Conflict of interest: No conflict of interests to declare.

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Introduction

Pulmonary sulcus tumor is a complex and challenging disease that requires a multidisciplinary team approach. This tumor is a rather uncommon type of non-small cell lung cancer, amounting to less than 5% of all lung malignancies. It is also known as Pancoast tumor and is defined as a malignancy invading the parietal pleura at the level of the first rib and above. The SWOG 9416 Intergroup 0160 study has led to the current treatment of Pancoast tumors with a tri-modality combination of chemotherapy, radiotherapy and surgical resection (1). This combination allows a high pathological response rate, a good radical resection level, a reduced local recurrence rate, and an acceptable survival.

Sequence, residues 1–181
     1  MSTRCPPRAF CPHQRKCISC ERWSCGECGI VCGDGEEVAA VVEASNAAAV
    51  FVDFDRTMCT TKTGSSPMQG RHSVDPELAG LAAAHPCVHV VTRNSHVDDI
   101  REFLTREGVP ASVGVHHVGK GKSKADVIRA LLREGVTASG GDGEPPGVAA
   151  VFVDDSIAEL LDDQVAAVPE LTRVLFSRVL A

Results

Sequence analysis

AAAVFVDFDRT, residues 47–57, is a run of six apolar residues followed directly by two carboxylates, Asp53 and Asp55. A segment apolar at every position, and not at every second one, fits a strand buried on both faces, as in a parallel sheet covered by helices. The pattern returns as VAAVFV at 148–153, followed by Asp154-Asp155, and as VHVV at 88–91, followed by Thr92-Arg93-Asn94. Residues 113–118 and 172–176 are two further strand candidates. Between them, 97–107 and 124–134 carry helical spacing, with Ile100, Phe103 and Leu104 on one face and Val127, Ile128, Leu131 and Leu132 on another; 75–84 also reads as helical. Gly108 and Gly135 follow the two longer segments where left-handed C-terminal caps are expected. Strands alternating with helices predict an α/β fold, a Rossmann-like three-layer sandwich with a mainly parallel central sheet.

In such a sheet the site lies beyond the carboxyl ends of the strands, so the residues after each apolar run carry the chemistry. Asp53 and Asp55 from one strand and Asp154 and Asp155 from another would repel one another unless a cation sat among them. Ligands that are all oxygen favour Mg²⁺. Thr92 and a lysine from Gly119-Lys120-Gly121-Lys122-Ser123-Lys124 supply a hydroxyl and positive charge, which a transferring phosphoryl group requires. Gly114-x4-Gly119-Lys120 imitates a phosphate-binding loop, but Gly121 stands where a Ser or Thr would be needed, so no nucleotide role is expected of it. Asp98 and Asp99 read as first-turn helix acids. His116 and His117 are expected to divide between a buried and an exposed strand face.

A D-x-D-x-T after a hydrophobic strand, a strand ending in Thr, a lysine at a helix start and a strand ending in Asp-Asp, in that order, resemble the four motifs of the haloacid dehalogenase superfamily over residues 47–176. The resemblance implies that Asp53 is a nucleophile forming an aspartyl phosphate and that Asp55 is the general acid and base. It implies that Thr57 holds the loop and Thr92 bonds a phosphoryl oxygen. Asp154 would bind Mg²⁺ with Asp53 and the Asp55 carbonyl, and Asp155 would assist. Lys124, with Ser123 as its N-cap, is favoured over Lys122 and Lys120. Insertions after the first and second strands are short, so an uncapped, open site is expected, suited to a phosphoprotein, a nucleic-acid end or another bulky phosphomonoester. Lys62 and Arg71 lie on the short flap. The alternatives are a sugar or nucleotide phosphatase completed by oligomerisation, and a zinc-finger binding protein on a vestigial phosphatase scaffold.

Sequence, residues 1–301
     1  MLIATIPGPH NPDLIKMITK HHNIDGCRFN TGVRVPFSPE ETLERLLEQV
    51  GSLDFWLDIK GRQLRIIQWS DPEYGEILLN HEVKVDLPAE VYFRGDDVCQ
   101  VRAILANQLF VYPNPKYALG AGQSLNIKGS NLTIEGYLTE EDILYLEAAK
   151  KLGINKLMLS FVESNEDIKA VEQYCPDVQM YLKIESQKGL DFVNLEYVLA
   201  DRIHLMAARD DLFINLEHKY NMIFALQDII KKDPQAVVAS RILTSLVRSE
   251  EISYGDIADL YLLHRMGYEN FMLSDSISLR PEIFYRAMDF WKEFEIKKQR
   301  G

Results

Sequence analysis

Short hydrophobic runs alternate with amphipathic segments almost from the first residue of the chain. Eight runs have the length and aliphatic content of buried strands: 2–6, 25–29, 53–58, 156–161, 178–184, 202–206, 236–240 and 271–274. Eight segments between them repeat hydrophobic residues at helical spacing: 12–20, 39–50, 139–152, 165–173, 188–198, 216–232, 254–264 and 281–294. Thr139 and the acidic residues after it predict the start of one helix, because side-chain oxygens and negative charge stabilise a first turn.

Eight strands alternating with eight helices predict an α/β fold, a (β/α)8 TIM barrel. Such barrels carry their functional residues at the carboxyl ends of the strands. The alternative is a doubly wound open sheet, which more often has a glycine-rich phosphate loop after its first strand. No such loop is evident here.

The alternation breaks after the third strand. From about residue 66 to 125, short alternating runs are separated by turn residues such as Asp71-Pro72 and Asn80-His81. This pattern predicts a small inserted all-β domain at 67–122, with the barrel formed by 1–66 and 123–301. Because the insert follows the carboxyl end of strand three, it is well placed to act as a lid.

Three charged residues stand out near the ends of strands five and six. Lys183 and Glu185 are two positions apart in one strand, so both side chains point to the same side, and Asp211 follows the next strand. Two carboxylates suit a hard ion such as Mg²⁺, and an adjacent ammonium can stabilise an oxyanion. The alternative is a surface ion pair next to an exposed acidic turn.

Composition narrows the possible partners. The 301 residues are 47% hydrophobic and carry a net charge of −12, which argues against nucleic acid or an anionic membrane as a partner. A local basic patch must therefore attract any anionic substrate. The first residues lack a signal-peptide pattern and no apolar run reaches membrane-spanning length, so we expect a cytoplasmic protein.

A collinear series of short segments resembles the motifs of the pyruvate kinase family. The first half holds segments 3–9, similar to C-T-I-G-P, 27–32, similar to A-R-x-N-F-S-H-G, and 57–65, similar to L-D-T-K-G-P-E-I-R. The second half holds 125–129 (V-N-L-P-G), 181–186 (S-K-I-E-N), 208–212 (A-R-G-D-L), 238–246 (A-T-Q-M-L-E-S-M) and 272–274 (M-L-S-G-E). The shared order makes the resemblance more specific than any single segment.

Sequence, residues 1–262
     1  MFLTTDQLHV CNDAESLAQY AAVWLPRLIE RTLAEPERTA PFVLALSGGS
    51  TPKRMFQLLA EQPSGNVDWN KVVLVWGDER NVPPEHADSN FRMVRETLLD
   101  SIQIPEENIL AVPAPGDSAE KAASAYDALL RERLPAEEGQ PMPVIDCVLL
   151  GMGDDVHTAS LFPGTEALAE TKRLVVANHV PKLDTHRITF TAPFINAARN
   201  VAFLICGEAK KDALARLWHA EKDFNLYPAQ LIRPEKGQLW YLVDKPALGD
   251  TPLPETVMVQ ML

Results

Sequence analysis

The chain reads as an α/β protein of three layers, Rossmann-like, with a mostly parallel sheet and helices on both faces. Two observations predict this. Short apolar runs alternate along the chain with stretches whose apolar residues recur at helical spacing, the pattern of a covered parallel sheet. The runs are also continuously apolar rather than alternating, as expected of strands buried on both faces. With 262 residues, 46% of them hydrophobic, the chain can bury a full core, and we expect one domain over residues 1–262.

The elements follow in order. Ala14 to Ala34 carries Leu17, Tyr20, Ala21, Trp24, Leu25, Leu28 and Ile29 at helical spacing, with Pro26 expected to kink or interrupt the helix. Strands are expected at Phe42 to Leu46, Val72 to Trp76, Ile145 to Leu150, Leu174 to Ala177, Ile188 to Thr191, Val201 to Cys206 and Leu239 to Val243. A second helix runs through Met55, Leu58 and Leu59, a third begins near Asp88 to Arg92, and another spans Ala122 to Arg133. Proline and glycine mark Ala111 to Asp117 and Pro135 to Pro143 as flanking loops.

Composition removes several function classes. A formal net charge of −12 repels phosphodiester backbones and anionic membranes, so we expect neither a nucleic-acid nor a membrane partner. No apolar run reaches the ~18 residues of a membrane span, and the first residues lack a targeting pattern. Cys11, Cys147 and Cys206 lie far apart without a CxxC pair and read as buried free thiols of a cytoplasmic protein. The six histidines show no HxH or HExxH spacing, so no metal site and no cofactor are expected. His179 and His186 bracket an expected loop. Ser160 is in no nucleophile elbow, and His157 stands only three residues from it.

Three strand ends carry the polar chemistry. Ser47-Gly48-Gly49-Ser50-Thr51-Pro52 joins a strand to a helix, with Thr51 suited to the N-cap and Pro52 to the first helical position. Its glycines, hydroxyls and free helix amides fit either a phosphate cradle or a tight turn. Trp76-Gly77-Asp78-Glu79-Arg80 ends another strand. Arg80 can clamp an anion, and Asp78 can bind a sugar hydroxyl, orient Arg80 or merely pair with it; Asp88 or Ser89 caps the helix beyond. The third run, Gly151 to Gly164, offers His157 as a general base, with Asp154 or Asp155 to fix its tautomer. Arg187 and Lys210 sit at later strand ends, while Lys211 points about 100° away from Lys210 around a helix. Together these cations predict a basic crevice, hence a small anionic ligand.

The surgical approaches to Pancoast tumors require careful preoperative assessment, and different surgical procedures have been described for improving access to the apical area depending on which structures are involved. We describe a hybrid approach that combines video-assisted thoracic surgery (VATS) lobectomy and limited Shaw-Paulson thoracotomy.

Case report